In another case at federal district court in San Francisco last week, the CCR, which represents hundreds of "enemy combatants" at Guantánamo Bay, Cuba, argued that the NSA's program of warrantless surveillance is unconstitutional.
"It is virtually certain that the NSA spied on our confidential communications with our clients as well as conversations with other American attorneys outside of the US," says Vincent Warren, CCR executive director.
Meanwhile, the ACLU last week filed legal papers with the Foreign Intelligence Surveillance Court (FISC) – the special court set up to decide whether such wiretaps are lawful and can be implemented – seeking the legal opinions upon which that court bases its decisions.
ACLU attorneys argue that the only thing known about those opinions has come from administration officials, and that those officials are not disinterested parties in a debate about the appropriate reach of executive branch surveillance.
"The public has a right to firsthand information about what the court permitted and what it disallowed," says Jameel Jaffer, director of the ACLU's national security project. (Over the years, the secretive FISC has rarely denied wiretap requests.)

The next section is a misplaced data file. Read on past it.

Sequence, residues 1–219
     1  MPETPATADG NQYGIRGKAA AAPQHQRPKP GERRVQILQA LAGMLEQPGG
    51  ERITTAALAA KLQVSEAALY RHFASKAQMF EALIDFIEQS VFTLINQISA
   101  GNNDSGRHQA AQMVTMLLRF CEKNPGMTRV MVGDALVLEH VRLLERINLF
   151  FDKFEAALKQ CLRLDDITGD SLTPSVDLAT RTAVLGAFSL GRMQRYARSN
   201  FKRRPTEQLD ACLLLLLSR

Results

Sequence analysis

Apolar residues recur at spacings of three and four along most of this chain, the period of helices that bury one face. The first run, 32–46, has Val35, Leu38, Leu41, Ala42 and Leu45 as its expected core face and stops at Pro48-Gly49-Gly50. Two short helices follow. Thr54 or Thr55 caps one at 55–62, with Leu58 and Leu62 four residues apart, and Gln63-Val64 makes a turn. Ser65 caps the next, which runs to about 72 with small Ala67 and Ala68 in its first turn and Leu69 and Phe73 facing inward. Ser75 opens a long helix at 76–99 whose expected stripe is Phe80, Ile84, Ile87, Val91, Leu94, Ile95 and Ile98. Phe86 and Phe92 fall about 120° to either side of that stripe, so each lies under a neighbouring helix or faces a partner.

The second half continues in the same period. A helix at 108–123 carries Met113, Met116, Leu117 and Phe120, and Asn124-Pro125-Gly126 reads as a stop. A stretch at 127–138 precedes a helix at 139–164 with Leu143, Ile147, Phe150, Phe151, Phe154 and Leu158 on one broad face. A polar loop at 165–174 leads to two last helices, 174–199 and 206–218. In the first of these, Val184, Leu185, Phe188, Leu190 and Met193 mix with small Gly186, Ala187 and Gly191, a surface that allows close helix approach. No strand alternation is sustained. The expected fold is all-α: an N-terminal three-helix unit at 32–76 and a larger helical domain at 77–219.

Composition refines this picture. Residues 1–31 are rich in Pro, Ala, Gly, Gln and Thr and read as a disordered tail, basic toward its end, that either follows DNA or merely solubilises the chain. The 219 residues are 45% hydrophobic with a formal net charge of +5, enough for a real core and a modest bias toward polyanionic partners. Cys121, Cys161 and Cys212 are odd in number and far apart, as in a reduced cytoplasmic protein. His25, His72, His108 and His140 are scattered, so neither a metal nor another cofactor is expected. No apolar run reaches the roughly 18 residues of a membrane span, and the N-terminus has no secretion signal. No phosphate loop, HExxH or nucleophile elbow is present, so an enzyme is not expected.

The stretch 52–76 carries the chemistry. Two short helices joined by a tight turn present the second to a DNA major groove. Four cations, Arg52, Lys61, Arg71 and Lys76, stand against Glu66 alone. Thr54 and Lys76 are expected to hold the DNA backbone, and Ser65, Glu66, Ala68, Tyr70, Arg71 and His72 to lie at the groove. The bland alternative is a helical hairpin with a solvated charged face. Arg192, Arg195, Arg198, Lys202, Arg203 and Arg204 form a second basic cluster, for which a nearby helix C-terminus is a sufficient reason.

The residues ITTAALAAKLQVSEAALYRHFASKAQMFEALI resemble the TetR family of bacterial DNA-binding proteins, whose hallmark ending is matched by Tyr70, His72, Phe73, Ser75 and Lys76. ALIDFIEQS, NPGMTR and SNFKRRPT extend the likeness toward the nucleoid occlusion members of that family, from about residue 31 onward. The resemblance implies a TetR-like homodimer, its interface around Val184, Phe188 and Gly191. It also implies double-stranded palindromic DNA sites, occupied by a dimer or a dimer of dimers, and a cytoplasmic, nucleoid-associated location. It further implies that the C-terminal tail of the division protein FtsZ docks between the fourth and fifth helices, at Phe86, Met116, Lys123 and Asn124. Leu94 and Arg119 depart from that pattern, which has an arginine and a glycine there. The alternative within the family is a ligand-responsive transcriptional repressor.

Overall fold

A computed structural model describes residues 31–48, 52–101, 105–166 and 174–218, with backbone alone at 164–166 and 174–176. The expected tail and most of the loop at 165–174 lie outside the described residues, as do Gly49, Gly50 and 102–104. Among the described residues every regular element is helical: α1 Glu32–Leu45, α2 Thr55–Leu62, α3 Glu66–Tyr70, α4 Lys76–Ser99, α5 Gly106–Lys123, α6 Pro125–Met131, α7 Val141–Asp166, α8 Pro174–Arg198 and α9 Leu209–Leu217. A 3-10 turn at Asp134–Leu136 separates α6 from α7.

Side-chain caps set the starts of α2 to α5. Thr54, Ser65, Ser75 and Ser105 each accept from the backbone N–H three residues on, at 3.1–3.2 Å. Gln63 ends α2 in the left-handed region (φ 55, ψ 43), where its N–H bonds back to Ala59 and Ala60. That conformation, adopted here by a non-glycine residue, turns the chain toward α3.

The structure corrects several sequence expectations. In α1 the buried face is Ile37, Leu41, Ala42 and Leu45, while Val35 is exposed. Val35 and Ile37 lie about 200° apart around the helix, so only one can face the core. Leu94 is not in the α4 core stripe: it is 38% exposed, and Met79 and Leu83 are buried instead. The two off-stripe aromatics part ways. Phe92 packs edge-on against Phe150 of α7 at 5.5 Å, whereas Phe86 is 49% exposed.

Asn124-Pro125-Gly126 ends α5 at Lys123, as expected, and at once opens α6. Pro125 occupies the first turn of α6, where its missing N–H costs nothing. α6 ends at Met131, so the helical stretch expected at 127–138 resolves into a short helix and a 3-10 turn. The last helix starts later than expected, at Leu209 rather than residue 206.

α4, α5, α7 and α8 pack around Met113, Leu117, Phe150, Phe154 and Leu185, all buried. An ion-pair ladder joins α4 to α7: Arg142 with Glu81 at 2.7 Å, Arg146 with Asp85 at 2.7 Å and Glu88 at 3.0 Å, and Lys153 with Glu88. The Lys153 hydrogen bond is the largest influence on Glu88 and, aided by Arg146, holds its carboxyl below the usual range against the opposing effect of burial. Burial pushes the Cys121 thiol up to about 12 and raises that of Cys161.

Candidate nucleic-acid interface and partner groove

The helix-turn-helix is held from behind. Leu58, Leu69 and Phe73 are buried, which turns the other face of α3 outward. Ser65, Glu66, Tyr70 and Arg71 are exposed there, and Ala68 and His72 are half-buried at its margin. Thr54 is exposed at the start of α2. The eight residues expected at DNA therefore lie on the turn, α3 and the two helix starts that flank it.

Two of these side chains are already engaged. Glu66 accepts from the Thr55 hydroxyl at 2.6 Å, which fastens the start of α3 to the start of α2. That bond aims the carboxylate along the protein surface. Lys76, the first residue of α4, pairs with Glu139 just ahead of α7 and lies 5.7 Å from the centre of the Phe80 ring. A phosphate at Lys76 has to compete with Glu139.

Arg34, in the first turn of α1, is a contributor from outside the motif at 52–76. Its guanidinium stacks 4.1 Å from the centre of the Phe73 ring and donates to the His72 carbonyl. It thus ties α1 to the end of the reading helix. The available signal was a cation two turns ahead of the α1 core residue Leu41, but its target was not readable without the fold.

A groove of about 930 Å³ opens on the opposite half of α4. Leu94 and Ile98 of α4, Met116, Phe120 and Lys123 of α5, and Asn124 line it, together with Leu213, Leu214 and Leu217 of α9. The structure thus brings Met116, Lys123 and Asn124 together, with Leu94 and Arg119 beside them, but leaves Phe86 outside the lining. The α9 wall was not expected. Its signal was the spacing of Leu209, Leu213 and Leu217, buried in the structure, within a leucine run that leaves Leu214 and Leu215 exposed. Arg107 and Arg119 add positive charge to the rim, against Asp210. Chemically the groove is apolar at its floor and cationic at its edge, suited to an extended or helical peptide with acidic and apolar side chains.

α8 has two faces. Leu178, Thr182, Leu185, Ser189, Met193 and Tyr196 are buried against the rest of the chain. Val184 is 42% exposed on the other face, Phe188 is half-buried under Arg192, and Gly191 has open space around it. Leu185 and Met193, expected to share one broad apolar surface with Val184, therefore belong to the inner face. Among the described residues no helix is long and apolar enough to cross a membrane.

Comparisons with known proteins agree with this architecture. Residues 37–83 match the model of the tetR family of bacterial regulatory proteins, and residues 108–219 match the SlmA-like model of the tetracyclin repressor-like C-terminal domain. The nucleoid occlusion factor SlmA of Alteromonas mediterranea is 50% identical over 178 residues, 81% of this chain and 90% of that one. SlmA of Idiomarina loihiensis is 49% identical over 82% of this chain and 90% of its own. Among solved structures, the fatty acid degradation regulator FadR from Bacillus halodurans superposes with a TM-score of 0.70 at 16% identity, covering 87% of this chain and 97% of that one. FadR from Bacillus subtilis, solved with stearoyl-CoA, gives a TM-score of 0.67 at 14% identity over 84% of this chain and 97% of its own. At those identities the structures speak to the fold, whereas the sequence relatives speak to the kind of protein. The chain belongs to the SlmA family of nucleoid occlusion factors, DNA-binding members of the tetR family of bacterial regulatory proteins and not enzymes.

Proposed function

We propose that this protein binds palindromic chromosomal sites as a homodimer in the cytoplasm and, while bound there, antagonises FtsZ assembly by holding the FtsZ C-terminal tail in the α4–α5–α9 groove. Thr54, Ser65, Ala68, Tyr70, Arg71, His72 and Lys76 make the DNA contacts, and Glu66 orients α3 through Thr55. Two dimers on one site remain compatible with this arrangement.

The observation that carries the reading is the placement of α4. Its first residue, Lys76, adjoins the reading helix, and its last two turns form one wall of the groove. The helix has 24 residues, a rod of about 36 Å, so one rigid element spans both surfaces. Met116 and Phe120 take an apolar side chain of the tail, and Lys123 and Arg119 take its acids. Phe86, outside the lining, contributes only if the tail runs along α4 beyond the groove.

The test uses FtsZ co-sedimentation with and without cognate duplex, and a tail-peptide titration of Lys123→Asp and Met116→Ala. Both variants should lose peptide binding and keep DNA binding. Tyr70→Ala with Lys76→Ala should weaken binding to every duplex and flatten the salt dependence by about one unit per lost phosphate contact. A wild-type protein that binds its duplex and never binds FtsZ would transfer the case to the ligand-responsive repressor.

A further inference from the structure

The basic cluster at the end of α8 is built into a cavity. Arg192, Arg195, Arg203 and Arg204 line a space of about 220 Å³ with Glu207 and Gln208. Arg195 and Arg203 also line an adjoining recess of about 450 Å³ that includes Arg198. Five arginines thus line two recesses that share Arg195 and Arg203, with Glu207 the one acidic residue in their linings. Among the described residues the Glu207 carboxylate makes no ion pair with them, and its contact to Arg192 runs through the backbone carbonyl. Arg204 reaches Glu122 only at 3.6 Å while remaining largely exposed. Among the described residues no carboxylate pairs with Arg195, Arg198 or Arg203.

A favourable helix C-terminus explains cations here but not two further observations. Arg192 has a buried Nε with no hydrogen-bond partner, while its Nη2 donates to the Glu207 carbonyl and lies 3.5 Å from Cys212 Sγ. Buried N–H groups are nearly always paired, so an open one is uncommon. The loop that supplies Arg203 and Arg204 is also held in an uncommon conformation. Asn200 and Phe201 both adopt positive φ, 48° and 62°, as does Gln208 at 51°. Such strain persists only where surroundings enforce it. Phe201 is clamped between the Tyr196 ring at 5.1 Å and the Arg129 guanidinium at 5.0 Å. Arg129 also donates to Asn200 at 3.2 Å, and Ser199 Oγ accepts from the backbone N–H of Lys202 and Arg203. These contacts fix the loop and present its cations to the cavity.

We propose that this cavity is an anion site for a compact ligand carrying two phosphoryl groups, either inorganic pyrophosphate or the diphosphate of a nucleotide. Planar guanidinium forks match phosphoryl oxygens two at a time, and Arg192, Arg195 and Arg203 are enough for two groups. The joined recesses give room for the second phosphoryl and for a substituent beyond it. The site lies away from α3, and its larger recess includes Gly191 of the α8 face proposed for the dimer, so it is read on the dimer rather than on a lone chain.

Just before they scattered for their August break, members of Congress made it easier for government agencies to eavesdrop on Americans in the name of fighting terrorism, raising once again the issue of domestic surveillance without a court warrant.
The administration characterized the just-passed change to the 1978 Foreign Intelligence Surveillance Act (FISA) as a way of keeping up with modern technology that didn't exist when the act was passed nearly 30 years ago: e-mail, the Internet, cellphones, and fiber-optic cables. Without the new law, President Bush said in signing it last week, US intelligence agencies would be "missing a significant amount of foreign intelligence that we should be collecting to protect our country."